Exceeding fine

In 1654, one Friedrich von Logau wrote something in German that Longfellow (sometime in the 1800s) translated into English as:

Though the mills of God grind slowly, yet they grind exceeding small;
Though with patience He stands waiting, with exactness grinds He all.

The word "small" is necessary there to make the rhyme work, but I never see it quoted that way. There are a lot of variants in modern use, but almost all of them include the phrase "they grind exceeding fine." (Sometimes "exceedingly fine.") The modern use never includes the second line; presumably if it did, there'd have to be a different word at the end, to rhyme with "fine."

I'm really curious now as to where and when the change occurred. Remarkably, there's an early citation on the Web: a speech by Rep. Richard H. Cain, an African-American Representative addressing the House in 1875, includes the comment "The mills of the gods grind slowly, but surely and exceeding fine." This phrasing has become fairly common; I can't help but wonder whether it was a misquote of Longfellow (I don't know when Longfellow's translation was published) or simply a different translation of von Logau's original.

And I think it's fascinating that not only does the phrasing Cain used include "fine" and "but surely," but it uses "mills of the gods" instead of "mills of God." And in fact, many if not most modern uses of the phrase also use "of the gods."

I have no conclusion here; I just think this stuff is interesting, and I'm always startled to learn that a quotation I've known forever turns out to not originally have been stated the way I've always heard it.

8 Responses to “Exceeding fine”

  1. Jay Scott

    Gottes Mühlen mahlen langsam, mahlen aber trefflich klein
    Ob aus Langmut er sich säumet, bringt mit Schärf’ er alles ein.
    –Friedrich von Logau

    The Longfellow verse translation is nearly literal.

  2. Swistle

    This interests me, too. I’ve been looking around trying to find out the original of the quote, and also what the author had in mind when he or she wrote it.

  3. Dawnriver1

    Would only take switching the order of a couple of words in second line to ise “fine” and make it rhyme, i.e.,

    “Though the mills of God grind slowly, yet they grind exceeding fine;
    Though with patience He stands waiting, with exactness all He grinds.”

  4. Jed

    Jay (belated response): Thanks! And neat about the near-literal translation. My impression (from a very small sample space) is that it’s easier to do near-literal translations of German poetry that rhyme and scan in English than poetry from other languages; wonder if that’s actually true.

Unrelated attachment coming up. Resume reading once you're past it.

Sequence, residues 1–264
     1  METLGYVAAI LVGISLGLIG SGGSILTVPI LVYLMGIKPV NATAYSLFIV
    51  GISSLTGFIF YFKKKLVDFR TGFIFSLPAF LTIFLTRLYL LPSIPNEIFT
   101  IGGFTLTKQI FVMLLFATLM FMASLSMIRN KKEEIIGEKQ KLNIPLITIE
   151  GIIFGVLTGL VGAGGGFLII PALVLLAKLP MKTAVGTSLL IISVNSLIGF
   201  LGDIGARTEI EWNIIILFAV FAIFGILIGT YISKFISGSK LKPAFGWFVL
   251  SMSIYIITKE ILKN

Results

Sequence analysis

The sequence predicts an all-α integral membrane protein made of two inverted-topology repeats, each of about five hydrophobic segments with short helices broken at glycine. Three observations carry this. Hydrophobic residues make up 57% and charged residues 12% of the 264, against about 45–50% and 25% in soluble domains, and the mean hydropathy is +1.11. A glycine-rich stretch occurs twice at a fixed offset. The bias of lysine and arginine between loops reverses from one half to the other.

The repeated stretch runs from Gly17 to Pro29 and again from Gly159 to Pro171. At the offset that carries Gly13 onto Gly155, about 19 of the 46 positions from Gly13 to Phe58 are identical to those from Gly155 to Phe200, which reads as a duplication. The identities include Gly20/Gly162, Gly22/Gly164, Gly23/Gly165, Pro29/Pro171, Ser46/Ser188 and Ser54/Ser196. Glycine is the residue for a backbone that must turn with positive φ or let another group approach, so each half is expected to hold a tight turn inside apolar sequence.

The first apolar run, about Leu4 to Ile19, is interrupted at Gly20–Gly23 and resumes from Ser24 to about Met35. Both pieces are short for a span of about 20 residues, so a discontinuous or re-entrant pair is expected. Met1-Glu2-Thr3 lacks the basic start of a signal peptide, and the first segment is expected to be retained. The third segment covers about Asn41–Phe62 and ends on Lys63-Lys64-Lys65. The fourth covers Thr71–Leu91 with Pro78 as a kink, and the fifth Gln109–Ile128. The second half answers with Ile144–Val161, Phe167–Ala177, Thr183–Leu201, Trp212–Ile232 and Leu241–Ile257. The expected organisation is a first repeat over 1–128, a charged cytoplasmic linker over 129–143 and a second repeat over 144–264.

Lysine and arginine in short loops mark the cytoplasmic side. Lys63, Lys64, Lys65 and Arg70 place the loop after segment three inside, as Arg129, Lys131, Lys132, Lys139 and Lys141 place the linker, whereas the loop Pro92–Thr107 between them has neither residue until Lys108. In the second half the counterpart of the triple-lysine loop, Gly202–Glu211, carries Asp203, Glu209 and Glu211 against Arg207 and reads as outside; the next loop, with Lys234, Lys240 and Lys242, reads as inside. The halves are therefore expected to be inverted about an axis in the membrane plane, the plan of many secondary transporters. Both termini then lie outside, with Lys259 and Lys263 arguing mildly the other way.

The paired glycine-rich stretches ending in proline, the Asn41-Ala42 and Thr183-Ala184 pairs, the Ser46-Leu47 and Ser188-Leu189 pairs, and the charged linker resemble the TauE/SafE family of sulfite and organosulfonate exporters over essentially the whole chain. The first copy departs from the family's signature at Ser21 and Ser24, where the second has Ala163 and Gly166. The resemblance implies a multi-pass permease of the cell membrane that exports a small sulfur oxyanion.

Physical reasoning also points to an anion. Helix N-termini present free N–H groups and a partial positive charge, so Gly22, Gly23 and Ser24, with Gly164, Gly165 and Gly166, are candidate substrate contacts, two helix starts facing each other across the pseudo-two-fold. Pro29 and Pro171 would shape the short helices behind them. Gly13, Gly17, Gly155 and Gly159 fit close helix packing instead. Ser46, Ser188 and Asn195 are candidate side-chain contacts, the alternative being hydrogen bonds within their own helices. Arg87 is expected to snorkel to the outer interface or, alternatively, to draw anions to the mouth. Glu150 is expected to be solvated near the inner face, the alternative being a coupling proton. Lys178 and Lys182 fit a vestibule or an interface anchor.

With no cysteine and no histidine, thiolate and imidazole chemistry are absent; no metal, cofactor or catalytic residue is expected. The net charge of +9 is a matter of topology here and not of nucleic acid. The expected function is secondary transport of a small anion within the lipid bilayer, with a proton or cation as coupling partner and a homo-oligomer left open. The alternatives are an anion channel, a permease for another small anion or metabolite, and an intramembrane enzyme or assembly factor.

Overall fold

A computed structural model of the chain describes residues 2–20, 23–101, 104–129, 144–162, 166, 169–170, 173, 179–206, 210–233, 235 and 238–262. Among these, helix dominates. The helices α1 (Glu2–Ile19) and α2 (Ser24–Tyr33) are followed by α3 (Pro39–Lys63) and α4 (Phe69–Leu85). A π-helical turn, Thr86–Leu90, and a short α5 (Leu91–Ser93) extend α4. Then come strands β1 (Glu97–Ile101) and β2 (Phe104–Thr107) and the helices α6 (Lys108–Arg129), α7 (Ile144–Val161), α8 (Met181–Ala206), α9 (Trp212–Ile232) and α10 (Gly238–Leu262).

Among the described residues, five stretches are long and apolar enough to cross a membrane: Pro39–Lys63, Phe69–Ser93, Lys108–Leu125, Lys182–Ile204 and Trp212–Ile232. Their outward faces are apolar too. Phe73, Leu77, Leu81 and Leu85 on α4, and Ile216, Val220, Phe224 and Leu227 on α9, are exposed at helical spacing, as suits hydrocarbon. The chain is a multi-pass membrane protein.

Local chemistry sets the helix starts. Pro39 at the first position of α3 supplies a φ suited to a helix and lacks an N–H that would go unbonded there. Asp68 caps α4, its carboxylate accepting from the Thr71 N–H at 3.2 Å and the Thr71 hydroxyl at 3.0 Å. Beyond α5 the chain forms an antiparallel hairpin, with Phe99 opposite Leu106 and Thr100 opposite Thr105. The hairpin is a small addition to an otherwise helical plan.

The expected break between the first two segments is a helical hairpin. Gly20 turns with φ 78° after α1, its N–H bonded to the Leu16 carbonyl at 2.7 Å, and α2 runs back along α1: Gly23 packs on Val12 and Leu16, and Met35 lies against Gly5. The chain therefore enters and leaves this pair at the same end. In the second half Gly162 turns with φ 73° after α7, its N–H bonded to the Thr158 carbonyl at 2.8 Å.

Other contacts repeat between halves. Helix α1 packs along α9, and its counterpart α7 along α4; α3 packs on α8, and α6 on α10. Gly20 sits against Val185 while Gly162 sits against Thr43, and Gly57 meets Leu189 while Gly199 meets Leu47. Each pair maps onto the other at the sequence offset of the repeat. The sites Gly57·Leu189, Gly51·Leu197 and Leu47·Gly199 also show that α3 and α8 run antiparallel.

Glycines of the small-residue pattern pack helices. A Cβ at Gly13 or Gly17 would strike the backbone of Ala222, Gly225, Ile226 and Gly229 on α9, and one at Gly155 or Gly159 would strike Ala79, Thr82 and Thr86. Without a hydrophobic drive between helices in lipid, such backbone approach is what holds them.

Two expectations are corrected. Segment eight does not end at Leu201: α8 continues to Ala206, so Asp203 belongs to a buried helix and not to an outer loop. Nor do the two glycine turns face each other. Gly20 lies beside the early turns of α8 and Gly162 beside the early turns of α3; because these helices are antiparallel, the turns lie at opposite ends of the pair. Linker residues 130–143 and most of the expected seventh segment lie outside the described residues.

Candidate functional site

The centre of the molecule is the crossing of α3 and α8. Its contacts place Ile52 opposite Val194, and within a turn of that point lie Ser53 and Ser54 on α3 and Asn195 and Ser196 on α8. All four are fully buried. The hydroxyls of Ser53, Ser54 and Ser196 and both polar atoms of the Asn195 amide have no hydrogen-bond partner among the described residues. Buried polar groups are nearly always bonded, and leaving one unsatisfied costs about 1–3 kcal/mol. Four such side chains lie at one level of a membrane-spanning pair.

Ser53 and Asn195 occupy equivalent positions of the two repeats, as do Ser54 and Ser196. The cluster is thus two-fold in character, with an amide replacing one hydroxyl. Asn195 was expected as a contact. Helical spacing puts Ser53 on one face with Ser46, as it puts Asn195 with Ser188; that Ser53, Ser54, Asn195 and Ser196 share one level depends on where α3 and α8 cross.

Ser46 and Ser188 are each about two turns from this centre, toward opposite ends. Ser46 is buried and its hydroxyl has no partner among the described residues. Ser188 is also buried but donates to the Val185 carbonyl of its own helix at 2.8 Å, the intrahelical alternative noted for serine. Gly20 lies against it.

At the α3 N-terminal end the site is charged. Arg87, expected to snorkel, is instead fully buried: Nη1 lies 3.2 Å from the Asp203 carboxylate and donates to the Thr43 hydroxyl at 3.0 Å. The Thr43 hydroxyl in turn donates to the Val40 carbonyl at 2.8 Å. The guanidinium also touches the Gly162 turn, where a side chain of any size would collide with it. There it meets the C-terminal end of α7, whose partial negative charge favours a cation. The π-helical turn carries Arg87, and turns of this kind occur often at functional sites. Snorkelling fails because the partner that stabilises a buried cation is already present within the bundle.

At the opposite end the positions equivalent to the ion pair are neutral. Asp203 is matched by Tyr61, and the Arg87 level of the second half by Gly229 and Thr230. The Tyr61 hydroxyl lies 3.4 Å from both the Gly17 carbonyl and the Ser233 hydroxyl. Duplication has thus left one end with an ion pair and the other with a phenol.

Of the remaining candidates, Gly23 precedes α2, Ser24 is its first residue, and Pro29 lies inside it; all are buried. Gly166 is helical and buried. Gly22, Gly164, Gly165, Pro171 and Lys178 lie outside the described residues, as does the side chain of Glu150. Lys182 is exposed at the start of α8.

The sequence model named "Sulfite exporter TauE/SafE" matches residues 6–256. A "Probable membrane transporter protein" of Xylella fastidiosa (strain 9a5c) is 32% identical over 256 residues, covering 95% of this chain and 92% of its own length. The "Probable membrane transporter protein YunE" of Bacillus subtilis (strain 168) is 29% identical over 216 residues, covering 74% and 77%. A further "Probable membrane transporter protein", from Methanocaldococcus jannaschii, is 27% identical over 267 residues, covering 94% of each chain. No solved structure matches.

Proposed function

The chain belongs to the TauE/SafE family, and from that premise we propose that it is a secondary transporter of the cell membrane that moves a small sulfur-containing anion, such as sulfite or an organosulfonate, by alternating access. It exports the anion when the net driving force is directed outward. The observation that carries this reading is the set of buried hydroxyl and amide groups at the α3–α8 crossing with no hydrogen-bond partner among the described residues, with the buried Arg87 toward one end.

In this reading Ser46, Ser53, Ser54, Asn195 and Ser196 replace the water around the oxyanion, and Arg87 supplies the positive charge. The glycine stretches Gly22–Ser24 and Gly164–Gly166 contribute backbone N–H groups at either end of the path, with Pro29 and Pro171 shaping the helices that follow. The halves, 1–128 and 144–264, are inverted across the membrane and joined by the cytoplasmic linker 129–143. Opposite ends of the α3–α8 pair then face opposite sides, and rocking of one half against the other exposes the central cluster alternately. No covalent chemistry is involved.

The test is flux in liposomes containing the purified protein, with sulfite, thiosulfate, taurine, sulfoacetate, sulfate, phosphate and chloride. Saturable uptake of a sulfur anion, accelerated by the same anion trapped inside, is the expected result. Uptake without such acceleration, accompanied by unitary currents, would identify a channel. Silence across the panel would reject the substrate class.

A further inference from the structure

Swistle: It turns out that the bit about the mills of the gods dates way back to Classical times. I have a bunch more info about this, which I’ve been meaning to post for months but haven’t managed to put together into an entry yet.

    Dawnriver1: Yeah, you could do that, but fine/grinds is (to my ear) a pretty inexact rhyme. I suspect that most people who use the “fine” version don’t know there’s another line to rhyme with.

  5. Gerald

    I share 4 comments tagline note about being startled to find that a “quote” remembered from childhood doesn’t always seems to square with what is supposed to be the actual quote. (I remain firm in my view that it is “gods” (since it’s derivation is (presumably -based on my newfound knowledge) from ancient Greek where monotheism had not yet reached) and “finely”. (The latter, simply because I had it planted in my memory cells that way) Is it just me and my laziness in research but aren’t we still looking for a definitive statement of exactly where the quote comes from? Author and writing? (I always assumed it was from English literature and was astonished to read how far back the words go)

    • Jed

      Your comment prompted me to finally write up the extensive further information on this topic that I came across in 2007.

      We still have no definitive statement of original source, but we do know that the idea goes back at least to Euripides (around 400 B.C.), and the part about the mills grinding small/fine goes back at least to Plutarch (around 200 A.D.). But I believe the word “exceeding” comes from Longfellow’s 1845 translation of von Logau.

  6. Alex

    The quote is used in a story I read in 7th Grade, about a man who steals money from a boy who was on an errand to buy the thief’s son medicine.

    Does anyone know the name of the story and author?

    • Valerie

      It was called Exceeding Small, or Exceeding Fine. The man’s name was Hazen Cinch. But I don’t know the author’s name.


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